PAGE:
it leads to memory fragmentation, slower allocation, etc...
Ok, I'm going to weigh in on this one :-)

My understanding is that OGRE does a lot of newing and deleting of objects inside of the render loop since it relies heavily on stl (i.e. deque, vector, list objects etc.). So to say that you should not new or delete anything is kind of misleading. It's happening, so you need to deal with it.

My personal take is, if you are experiencing memory fragmentation, etc. you should use another heap implementation that is better suited to your application. I've done this on other projects with a fair amount of success.

Also, pooling wastes memory. You can have a lot of "free" memory tied up with objects of type A, when you really need more memory for objects of type B.

I find pooling useful where the overhead of creating (or deleting) a object has significant overhead. This isn't usually the case where the overhead is mainly in heap allocation (although it does depend on the application).

Another use for pooling is to guarantee that the application has a certain minimum amount of memory available for use by pre-allocating it up-front.
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Post by PeterNewman » Tue Feb 01, 2005 12:01 am

Your full-bright/half-bright flicker: Are the objects nromal mapped? Did you create tangent vectors? We've had the same problem here, and it seemed related to creation of tangent vectors.

We never did get it working with that particular model, actually, as far as I know, though :(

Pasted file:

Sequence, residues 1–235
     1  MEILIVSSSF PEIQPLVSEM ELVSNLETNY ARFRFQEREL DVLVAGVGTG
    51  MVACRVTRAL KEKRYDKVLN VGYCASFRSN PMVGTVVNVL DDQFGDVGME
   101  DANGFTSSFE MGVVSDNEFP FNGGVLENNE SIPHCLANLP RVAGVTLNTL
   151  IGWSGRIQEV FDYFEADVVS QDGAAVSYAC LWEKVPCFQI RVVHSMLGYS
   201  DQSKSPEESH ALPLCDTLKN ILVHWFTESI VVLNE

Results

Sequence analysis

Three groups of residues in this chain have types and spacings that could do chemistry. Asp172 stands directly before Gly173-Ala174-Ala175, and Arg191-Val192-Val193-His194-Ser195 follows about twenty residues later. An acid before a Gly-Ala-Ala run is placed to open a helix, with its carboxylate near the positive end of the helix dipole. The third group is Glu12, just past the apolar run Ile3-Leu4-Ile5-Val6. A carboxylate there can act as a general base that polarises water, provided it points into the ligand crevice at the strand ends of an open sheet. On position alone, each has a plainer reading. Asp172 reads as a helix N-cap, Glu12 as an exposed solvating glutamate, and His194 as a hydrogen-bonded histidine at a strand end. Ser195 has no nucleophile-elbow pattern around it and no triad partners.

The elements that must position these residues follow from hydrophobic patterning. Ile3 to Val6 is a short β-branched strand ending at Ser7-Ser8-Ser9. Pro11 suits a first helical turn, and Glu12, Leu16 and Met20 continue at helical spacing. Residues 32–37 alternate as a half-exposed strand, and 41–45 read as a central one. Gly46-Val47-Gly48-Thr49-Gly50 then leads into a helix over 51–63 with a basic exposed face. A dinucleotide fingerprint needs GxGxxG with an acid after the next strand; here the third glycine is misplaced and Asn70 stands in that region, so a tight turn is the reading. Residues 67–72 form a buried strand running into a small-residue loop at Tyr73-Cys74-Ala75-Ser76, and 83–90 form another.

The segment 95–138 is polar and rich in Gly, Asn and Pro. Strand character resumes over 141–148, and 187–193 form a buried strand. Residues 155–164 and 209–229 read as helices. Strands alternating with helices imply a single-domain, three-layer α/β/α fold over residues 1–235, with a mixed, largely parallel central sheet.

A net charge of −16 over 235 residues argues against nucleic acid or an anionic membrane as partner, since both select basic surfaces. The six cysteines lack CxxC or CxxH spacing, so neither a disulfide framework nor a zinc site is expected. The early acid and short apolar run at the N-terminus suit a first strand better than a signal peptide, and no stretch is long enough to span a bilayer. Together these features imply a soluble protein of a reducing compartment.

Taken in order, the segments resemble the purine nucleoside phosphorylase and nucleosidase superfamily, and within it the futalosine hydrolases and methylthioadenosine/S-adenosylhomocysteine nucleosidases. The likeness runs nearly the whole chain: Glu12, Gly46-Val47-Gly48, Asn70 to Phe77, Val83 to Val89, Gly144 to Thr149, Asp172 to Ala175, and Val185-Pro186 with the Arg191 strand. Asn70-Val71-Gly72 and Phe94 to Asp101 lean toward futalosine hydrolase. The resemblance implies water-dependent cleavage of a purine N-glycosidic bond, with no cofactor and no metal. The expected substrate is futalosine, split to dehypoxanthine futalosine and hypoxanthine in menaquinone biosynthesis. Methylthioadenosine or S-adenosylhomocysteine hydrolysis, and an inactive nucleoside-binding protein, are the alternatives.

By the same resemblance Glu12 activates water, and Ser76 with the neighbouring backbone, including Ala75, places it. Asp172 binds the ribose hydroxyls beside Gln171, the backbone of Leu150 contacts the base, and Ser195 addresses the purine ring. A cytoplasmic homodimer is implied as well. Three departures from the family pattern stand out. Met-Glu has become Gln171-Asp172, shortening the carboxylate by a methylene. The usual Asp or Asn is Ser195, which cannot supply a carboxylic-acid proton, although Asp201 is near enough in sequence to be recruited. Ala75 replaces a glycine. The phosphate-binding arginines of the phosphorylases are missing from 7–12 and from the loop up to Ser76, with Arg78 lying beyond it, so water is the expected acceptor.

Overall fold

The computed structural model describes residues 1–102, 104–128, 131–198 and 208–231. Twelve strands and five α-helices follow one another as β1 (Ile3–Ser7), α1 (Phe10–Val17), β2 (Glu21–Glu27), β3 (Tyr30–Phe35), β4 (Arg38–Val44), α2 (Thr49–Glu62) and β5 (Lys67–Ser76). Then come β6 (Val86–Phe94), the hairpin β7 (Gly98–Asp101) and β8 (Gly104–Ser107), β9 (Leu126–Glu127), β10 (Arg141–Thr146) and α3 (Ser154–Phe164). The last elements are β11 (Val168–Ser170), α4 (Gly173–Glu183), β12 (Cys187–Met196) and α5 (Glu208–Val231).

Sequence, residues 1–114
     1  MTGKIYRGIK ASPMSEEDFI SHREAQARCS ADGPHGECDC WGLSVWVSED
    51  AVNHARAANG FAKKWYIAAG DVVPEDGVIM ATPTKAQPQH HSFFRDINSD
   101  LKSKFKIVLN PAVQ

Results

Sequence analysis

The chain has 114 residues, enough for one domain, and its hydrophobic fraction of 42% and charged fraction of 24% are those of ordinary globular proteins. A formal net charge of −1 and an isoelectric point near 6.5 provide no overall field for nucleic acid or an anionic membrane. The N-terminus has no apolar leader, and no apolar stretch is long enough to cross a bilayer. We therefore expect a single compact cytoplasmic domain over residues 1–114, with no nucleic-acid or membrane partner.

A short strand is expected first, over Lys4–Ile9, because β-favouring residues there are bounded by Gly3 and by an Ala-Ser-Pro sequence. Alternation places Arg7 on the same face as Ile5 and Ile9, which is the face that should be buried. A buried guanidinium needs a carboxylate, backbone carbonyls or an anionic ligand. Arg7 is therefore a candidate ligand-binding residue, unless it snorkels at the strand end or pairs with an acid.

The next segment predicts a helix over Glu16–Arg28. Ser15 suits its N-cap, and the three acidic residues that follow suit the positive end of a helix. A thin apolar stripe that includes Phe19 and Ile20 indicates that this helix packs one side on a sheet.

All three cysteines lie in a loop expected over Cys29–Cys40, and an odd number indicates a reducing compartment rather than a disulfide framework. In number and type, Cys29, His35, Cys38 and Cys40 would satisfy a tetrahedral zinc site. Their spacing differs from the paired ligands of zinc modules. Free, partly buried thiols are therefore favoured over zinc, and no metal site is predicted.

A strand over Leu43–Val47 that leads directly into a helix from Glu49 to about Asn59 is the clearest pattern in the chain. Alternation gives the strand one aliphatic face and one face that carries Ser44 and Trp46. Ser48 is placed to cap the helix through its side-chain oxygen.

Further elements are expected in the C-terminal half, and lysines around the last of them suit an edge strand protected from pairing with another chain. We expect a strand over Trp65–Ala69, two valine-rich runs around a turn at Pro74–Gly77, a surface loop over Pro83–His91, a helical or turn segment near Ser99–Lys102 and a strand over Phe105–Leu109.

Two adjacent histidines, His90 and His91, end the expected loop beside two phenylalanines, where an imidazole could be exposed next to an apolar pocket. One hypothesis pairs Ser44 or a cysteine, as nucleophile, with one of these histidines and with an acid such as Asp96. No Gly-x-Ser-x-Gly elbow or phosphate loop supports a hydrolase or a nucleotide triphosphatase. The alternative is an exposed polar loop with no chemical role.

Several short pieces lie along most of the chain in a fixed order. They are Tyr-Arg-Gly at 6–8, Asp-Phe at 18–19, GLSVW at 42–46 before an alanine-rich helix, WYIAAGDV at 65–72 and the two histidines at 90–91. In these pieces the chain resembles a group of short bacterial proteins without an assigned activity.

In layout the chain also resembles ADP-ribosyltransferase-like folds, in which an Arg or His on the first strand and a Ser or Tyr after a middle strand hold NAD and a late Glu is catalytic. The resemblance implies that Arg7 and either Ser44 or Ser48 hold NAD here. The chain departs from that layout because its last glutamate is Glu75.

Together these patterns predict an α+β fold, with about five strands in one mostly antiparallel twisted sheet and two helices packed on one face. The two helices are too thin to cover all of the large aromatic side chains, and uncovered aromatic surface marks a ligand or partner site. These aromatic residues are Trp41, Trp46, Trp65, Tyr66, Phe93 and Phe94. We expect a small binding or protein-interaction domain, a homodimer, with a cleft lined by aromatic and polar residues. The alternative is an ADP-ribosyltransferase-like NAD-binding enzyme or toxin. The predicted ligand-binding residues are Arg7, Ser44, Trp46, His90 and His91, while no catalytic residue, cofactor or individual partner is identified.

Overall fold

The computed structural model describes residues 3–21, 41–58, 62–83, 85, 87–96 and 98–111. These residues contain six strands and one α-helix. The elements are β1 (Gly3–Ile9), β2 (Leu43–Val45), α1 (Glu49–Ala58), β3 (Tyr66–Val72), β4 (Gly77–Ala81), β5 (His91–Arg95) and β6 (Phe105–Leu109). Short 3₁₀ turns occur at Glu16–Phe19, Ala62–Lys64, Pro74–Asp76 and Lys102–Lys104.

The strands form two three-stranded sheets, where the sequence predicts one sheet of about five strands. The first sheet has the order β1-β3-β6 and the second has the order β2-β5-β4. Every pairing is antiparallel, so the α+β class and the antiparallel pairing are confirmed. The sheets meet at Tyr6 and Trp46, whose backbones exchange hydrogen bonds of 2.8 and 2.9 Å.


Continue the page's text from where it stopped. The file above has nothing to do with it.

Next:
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Post by Marc » Tue Feb 01, 2005 7:49 am

PeterNewman wrote:Your full-bright/half-bright flicker: Are the objects nromal mapped? Did you create tangent vectors? We've had the same problem here, and it seemed related to creation of tangent vectors.

We never did get it working with that particular model, actually, as far as I know, though :(
Ah I have forgotten to tell. tuan kuranes's tipp to check the normals solved the problem. For some reason, they all hab the length of 1.57 instead of 1. Normalizing them in notepad fixed the flickering. There is no normal mapping on that cube, just one texture.
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Post by tuan kuranes » Tue Feb 01, 2005 10:40 am

@Silent :
I do agree that pooling is not the only solution, and has drawbacks, thanks to pointing that out. But you must agree that coding your own efficient heap allocation algo is not the simplest thing to do.